Impossible Foods has been getting a lot of buzz for its veggie “burger that bleeds.” Whether it’s family members, friends or celebrities on social media, you don’t have to search very hard to find someone who is enthusiastic about these flavorful patties. But are they really as good for your body and the planet as proponents claim?
The answer, in short, is no, and there are several reasons why this isn’t the earth-saving solution to burger cravings so many people seem to want to believe it is. One of the biggest counts against it is its use of genetically engineered soy. The company’s CEO claims using this soy is just part of their “commitment to consumers and our planet” – but just what are they committed to?
Scientists have been warning that the planet is approaching an era of massive extinction, and the pesticides and farming practices associated with genetically engineered crops like the soy used in these burgers is at the heart of the problem.
A study published in the journal Biological Conservation estimated that 40 percent of the insect species on Earth right now are facing extinction, and the entire insect population could well collapse by the end of the century thanks to genetically engineered crops and related practices and chemicals.
The sad truth is that genetically engineered crops have spurred a spike in pesticide use around the world. Before Roundup-ready crops made to resist the glyphosate-based herbicide, farmers had to be very careful about how they used weedkillers. The new crops, however, allow them to spray more often, which they have most certainly done. The amount of glyphosate used climbed from 7.7 million pounds in 1990 to 250 million pounds in 2014 in what amounts to a 1,347 percent rise. Most of this is being used on crops like the GE soy in Impossible Burgers. In fact, 94 percent of soy today is genetically engineered to resist Roundup.
Just what is all this glyphosate doing to us and the planet?
First, let’s take a look at the human health impacts of the glyphosate-based weedkillers used on the soy in Impossible Burgers. The World Health Organization has declared glyphosate a probable cause of cancer, and juries have been shelling out billions in punitive damages in lawsuits related to people developing non-Hodgkin’s lymphoma, a type of cancer, after using the herbicide. Spikes in cancers, asthma and birth defects have been seen in Kauai, where genetically engineered seeds are developed and tested, and it’s being linked to pesticide drift and runoff there. Is this really something we should be celebrating eating?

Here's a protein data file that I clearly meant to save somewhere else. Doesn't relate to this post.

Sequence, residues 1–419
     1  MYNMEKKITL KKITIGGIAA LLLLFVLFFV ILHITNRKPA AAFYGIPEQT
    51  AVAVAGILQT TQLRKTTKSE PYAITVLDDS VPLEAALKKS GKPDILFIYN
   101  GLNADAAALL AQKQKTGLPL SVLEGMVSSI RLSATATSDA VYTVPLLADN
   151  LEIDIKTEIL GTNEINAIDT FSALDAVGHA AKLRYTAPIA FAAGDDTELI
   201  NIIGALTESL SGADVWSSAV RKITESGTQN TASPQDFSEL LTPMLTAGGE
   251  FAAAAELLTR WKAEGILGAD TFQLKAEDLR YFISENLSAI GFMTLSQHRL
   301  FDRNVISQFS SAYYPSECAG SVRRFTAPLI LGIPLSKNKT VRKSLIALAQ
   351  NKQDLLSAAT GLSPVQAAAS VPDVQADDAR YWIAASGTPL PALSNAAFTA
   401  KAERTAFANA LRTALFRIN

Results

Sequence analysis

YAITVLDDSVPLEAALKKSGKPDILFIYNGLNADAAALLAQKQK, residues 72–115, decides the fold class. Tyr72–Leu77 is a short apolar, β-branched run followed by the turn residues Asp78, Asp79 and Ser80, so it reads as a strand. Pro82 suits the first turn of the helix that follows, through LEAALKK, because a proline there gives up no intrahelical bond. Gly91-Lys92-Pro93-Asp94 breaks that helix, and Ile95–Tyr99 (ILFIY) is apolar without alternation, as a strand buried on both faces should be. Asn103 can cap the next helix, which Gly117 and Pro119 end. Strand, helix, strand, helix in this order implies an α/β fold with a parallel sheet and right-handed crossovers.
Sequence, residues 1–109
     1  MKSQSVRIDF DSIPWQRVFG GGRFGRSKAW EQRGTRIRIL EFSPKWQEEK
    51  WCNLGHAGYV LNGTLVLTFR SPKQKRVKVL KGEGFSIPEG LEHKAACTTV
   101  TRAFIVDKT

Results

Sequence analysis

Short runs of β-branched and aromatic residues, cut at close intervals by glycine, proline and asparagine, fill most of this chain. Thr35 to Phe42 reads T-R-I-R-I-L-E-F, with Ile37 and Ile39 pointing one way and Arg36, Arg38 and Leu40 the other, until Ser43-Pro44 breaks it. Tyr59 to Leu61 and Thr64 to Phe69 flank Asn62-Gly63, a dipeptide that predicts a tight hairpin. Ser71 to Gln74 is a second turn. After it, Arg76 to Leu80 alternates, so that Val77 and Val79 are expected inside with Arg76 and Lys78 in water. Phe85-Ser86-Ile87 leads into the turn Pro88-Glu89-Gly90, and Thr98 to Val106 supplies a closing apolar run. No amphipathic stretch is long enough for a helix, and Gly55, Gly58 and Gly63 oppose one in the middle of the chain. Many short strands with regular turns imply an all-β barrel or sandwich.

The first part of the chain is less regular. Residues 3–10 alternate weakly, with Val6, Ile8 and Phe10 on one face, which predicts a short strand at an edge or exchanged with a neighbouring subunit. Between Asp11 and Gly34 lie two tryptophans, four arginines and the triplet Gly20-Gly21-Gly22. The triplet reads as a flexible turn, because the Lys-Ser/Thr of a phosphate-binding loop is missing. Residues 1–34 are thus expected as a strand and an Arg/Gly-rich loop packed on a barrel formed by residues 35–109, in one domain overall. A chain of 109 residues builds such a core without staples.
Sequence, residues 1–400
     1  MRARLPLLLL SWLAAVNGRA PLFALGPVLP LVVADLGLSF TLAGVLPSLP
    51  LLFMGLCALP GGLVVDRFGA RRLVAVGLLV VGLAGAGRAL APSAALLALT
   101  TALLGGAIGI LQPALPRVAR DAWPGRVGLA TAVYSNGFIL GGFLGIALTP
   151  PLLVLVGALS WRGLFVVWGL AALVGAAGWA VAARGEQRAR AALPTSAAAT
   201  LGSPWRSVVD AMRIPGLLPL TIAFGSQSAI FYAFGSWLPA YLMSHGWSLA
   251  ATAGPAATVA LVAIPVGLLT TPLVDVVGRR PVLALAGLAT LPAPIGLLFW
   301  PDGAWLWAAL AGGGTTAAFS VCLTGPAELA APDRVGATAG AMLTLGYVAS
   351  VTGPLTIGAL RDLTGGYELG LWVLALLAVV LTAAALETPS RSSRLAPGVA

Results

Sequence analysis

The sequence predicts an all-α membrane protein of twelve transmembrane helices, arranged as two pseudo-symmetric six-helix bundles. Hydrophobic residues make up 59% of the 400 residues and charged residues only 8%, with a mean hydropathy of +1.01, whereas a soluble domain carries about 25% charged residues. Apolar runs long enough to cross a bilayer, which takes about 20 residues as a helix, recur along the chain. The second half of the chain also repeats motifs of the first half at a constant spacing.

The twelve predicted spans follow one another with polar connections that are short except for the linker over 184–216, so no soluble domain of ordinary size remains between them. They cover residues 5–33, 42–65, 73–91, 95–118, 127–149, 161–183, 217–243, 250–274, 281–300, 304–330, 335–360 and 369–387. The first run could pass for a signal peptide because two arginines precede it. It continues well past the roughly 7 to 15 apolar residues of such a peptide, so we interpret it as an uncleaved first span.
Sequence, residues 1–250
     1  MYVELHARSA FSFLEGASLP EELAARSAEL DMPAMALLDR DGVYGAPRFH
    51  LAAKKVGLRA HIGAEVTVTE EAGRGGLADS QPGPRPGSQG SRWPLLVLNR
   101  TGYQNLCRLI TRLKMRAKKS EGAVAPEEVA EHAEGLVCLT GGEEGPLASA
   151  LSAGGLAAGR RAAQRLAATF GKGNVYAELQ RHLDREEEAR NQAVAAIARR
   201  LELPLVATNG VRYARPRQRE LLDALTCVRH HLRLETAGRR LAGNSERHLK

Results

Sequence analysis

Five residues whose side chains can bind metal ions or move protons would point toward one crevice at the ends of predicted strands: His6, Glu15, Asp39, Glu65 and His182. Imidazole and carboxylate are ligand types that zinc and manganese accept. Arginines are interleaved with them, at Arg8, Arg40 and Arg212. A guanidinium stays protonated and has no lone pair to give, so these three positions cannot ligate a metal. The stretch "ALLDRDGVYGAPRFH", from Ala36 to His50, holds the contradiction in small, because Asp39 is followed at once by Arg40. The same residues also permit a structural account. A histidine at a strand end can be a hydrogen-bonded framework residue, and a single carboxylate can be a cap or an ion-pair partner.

It’s also far from the planet-friendly route it claims to be. While there’s no question that traditional beef burger production isn’t exactly environmentally friendly, these burgers aren’t helping the earth. Glyphosate use has been linked to declines in Monarch butterfly populations, while researchers have also discovered that exposure to glyphosate causes honeybee larvae to die, leaving us without very important pollinators. Aquatic organisms are also being harmed by the chemical.
GMO soy on its own should be enough to make you write off the idea of supporting Impossible Foods, but there are other problems with the burgers as well. The heme protein it uses to give the fake meat the illusion of “bleeding” is created using genetically modified yeast. The burgers also contain textured vegetable proteins, part of the family of MSG excitotoxins known for destroying brain cells and causing migraines and stomach upset.
The fact that Bill Gates was a major investor in Impossible Foods should tell you all you need to know. This is a burger that contains more than 20 ingredients, and although they might be “derived” from plants, they are largely unrecognizable by name. It’s certainly nothing compared to a burger you might make at home yourself – a homemade beef burger could be 100 percent grass-fed beef, while you could make a veggie burger with a handful of natural ingredients like organic beans and vegetables. Vegetarian or not, it’s still processed GMO food and something that has no place in the diet of anyone who cares about their health or the environment.
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